Sixth drowning fatality in three days, while quick response to neck injuries between the flags saves two lives at Whangārei Heads and Muriwai

Auckland has seen its sixth drowning fatality in the region since Friday, as Surf Life Saving Northern Region continues its call on people to swim at lifeguarded beaches, during the patrol hours.

The drowning on Sunday occurred at the unpatrolled Tawharanui Regional Park, north of Auckland.

On Saturday, one person died at Takapuna, while two people died at North Piha despite United North Piha lifeguards’ attempts to rescue them after patrol had ended for the day.

Two people drowned at unpatrolled beaches on Friday, one at Narrow Neck Beach on Auckland’s North Shore, and another at Big Manly Beach on the Whangaparāoa peninsula.

Meanwhile, Northern Region lifeguards were able to respond quickly to two separate incidents involving spinal injuries at Whangārei Heads and Muriwai. Both incidents occurred between the flags, caused by swimmers being dumped into the sand by large waves, and could easily have proven fatal had lifeguards not been on hand to respond.

Surf Life Saving Northern Region (SLSNR) Chief Executive Matt Williams said there was a clear correlation between the drownings, which all occurred either at unpatrolled beaches, or outside regular patrol hours, and the lifesaving interventions by lifeguards.

“Simply put, if you swim at a patrolled beach, during patrol hours, in between the flags, you are going to have a lifeguard nearby who can respond immediately if something happens.

“If you swim at an unpatrolled beach, or outside patrol hours, you are placing yourself at an incredible risk. These deaths were tragic, but some may have been preventable if lifeguards were actively patrolling the area.

“We would be open to investigating how we might establish patrols or improve safety outcomes at some beaches that are not currently patrolled, however for our organisation it is a question of resourcing and manpower,” he says.

“Ultimately, our weekday paid lifeguarding service, which operates over the summer months, has a limited capability and limited funding. Similarly, our weekend patrol services rely on our committed volunteer lifeguards, so there are limitations there.”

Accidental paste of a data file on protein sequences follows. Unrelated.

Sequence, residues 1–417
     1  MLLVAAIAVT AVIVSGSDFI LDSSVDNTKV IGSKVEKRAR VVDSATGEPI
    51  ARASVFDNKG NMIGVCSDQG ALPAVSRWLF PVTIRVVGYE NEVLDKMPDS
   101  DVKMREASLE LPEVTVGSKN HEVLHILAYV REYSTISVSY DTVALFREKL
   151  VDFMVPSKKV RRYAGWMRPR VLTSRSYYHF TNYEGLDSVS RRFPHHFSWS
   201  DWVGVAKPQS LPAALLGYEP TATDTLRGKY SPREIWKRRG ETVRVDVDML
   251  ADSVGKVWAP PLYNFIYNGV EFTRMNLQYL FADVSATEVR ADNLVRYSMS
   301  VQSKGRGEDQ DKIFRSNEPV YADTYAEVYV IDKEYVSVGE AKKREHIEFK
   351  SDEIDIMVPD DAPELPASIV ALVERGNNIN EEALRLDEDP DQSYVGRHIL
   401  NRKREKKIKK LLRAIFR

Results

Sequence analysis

Williams said there were examples of communities standing up patrol services with the support of Northern Region, most recently at Baylys Beach, near Dargaville, which resumed patrols in 2021, when the club was re-established after a nearly 20-year hiatus.

He added that some clubs were setting up temporary patrols where there was a need, including at Pākiri, north of Leigh, Takapuna beach, Long Bay, and Wenderholm locations. All of our patrolling locations and times can be found on the Safe Swim website,  

“Our lifeguards across the region performed a total of 50 rescues, 16 assists, and eight major first aids already this weekend. There is a huge need for our services at the beaches we already patrol.

While we want to be everywhere, we also need to focus on the coastlines we currently patrol. The community must also contribute their part, by ensuring they swim at lifeguarded beaches, during the patrol hours” he says.


Weekend patrol statistics (Saturday and Sunday) for Northern Region: No. of people rescued


No. of people assisted


No. of major first aids


No. of minor first aids


No. of searches


No. of preventatives


No. of people involved


Peak head count


No. of hours worked



2023 Season Beach Safety Messages from Surf Lifesaving Northern Region:

  • Choose a surf lifeguard patrolled beach and swim between the flags
  • Read and understand the safety signs – ask a surf lifeguard for advice as conditions can change regularly
  • Don’t overestimate your ability or your children’s ability to cope in the conditions
  • Always keep a close eye on very young children in or near the water – always keep them within arm’s reach
  • Get a friend to swim with you – never swim or surf alone
  • Watch out for rip currents, they can carry you away from shore. If caught in a rip current remember the 3Rs: *Relax and float, *Raise your hand and *Ride the rip
  • Be smart around rocks: When fishing never turn your back towards the sea and always wear a lifejacket
  • If in doubt, stay out!
  • If you see someone in trouble, call 111 and ask for the Police
  • Be sun smart – slip, slop, slap and wrap to protect your skin and eyes from the sun’s damaging rays.


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